Coronavirus

Actions

FDA issues emergency use authorization for Pfizer vaccine in children 5 to 11

Pfizer Children Vaccines
Posted at 7:28 PM, Oct 29, 2021
and last updated 2021-10-29 23:16:50-04

CLEVELAND — The U.S. Food and Drug Administration issued an emergency use authorization Friday for the Pfizer COVID-19 vaccine for children ages five to 11.

The FDA’s vaccine advisers based that decision on data from Pfizer. However, this is not the final regulatory step in getting the vaccine to kids in this age group.

More experts in vaccines, pediatrics and infectious diseases are set to convene to review that data further. That includes a recommendation from the Centers for Disease Control and Prevention, as well as approval from the CDC director, Dr. Rochelle Walensky.

“We're anticipating all those events will happen by early next week,” Walensky told WXYZ. “What we're hoping should all of this go through is this vaccine will make a real difference.”

'We have the tools now to protect the kids'

Dr. Claudia Hoyen is the director of pediatric infection control at University Hospitals Rainbow Babies & Children’s, as well as co-director of University Hospitals Health System.

She said that among her infectious disease colleges and other physicians with whom she’s talked, “it’s like Christmas came early.”

“When you think about how much these vaccines have been used in the last year, it's really incredible, and the fact that they are as efficacious as we've seen and really have minimal side effects, when you think about what can actually happen to you if you have COVID, we're very excited,” Hoyen said.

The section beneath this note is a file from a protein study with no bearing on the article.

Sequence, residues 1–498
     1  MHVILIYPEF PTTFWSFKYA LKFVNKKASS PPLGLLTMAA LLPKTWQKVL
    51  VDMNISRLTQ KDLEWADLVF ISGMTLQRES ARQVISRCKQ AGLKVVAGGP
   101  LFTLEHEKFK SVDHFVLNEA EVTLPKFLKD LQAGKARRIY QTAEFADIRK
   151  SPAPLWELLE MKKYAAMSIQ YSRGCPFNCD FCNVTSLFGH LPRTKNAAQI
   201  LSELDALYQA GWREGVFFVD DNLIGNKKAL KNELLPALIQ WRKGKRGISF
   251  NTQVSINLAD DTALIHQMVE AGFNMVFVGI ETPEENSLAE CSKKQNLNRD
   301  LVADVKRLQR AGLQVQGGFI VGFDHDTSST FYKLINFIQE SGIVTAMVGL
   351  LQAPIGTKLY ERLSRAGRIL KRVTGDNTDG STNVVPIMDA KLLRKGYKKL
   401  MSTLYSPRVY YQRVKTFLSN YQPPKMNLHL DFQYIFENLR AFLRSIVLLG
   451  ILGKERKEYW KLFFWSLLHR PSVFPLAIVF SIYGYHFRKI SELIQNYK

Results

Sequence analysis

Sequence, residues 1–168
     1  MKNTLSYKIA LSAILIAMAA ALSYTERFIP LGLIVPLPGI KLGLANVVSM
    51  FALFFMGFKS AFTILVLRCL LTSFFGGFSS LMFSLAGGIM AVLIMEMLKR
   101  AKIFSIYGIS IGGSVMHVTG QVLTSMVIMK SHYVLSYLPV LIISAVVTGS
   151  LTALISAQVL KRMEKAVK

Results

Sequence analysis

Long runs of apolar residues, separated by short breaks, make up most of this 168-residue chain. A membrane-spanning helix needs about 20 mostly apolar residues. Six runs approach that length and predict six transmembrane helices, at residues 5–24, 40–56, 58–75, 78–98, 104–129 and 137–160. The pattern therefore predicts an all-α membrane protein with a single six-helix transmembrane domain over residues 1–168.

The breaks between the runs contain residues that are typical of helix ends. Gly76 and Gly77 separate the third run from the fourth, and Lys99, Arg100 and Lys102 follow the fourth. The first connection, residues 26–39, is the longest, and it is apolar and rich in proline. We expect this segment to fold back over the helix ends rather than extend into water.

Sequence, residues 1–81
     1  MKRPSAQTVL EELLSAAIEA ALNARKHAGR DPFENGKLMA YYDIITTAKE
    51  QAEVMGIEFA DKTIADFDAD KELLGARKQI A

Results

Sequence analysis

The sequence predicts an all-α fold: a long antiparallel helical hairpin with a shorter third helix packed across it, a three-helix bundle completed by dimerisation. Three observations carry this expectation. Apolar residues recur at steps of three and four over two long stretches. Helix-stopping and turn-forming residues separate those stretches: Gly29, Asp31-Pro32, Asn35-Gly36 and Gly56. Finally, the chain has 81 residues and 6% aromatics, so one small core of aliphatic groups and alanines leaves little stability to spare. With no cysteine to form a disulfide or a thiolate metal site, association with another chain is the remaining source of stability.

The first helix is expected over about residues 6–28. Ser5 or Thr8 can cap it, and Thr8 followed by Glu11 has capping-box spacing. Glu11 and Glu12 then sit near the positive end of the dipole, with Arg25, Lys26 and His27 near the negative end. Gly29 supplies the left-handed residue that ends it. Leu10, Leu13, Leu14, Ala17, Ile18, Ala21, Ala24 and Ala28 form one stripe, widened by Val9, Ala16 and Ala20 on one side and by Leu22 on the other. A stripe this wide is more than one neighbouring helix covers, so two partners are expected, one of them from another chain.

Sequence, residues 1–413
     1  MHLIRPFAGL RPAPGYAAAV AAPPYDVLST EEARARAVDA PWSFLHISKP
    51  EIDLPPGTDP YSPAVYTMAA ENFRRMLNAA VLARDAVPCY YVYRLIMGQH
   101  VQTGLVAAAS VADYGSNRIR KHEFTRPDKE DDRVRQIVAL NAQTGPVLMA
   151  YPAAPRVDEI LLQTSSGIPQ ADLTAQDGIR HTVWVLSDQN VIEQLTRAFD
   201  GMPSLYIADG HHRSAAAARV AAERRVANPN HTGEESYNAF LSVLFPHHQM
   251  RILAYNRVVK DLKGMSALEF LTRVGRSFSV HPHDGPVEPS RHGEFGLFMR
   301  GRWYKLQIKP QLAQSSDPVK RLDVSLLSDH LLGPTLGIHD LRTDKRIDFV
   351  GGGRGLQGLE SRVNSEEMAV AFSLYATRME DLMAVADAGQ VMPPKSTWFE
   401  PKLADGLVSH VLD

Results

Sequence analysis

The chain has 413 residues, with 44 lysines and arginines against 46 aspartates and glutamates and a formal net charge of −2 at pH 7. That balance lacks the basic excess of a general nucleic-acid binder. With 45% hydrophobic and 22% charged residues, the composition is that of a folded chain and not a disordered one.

Still, Hoyen said it’s understandable that some people may have questions or hesitations. But she says in the 25 years she’s been in the field of infectious diseases, she has seen children die of vaccine-preventable diseases.

“We have the tools now to protect the kids. We know that children who are vaccinated are so much less likely to end up in the hospital and even less likely to be in an ICU or die,” Hoyen said.

Pfizer has made modifications to its vaccine in order to make it work more effectively for this age group. That’s meant lowering the dose to about one-third of what it is for older kids and for adults—not just because of kids’ smaller body sizes, but because their immune systems respond differently than adults’ immune systems. It’s also been created in a different concentration than for older kids and adults. The goal: to find a dose that’s effective but with minimal side effects.

'At what cost?'

“There will be three groups. There will be one group that says, ‘I really, I want it. I wanted it a month ago,’ and there will be a second group that will say, ‘I will never take this vaccine for my children,” said Dr. Shelly Senders, founder and CEO of Senders Pediatrics in South Euclid. “And then there'll be a third group, which hopefully will be thoughtful about how they're going about it and decide to make decisions that work for their family.”